One Morning in Maine — this lovely book is another wonderful classic that shows Sal digging for clams on the little island in Maine that her family calls home and riding on her father’s boat with him to visit the country store.

Discover the classic Blueberries for Sal with you children, and enjoy delving into it a little deeper using some of the many ideas listed here. And be sure to sign up for the free Blueberries for Sal Printable Pack for TEN pages of interactive printables that will help you extend the fun, hands-on learning even further.

The free Blueberries for Sal Printable Pack includes all of these great resources:

A Blueberry Playdough Recipe page

Momma and baby bear coloring page

“I Can Count Blueberries” work page

“I Can Compare Blueberries” work page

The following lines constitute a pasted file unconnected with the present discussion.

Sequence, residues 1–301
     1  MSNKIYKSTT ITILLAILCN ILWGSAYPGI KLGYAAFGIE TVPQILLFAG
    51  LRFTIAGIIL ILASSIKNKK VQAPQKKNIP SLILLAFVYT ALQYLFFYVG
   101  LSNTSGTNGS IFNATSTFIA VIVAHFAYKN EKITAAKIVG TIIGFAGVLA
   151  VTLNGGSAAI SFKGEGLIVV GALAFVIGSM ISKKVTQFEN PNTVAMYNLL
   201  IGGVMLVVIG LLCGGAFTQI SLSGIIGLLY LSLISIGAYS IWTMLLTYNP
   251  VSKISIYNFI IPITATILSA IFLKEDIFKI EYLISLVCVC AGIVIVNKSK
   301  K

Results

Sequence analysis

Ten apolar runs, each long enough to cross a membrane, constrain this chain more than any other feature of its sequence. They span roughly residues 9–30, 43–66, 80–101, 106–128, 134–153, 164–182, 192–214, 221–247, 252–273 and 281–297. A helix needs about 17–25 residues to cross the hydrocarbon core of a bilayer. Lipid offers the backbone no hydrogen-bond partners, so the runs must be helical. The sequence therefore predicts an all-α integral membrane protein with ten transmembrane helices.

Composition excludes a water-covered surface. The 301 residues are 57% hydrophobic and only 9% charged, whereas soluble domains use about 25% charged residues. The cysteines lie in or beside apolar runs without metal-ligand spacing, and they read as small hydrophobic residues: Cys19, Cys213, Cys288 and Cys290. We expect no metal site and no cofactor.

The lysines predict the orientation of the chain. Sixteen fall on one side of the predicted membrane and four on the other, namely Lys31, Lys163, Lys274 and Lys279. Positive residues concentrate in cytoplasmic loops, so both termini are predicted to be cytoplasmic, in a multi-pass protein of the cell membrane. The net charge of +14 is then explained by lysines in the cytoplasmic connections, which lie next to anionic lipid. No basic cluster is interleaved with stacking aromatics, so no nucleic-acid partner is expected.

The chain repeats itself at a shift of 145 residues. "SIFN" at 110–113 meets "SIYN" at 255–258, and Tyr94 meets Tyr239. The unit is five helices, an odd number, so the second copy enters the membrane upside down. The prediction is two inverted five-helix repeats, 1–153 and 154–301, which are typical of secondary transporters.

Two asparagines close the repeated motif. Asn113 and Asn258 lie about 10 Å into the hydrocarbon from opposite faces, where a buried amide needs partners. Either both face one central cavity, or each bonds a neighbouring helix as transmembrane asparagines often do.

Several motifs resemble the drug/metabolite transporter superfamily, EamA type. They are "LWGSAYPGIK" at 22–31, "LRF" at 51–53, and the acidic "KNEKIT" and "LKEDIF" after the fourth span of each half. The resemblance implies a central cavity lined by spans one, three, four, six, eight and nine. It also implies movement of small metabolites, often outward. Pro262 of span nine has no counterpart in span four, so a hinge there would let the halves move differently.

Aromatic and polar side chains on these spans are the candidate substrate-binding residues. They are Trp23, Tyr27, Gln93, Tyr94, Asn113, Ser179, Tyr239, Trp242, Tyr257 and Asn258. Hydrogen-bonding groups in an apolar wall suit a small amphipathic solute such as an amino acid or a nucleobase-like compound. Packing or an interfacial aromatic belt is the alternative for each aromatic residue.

The Blueberry Flower labeling work page

The Blueberry Flower answer key

The flower ID work page

A cursive handwriting page

A blank handwriting page

I hope your family enjoys this, and other, great picture book unit studies for many wonderful years to come.

Download the Blueberries for Sal Unit Study

Get the Blueberries for Sal Unit Study!

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This Post Has 2 Comments

  1. Kathi

    I have such a soft spot for Blueberries for Sal. We lived in Maine very near the book’s location when our youngest daughter was born, and our older girls spent several summers “rakin’ berries” for extra money. Our copy of the book is well-read and dog-eared. Thank you for the memories!

    1. Michelle Visser

      That all sounds so lovely, Kathi. Isn’t it wonderful all the emotions a great book can stir in us for a lifetime? 🙂 Thanks for sharing!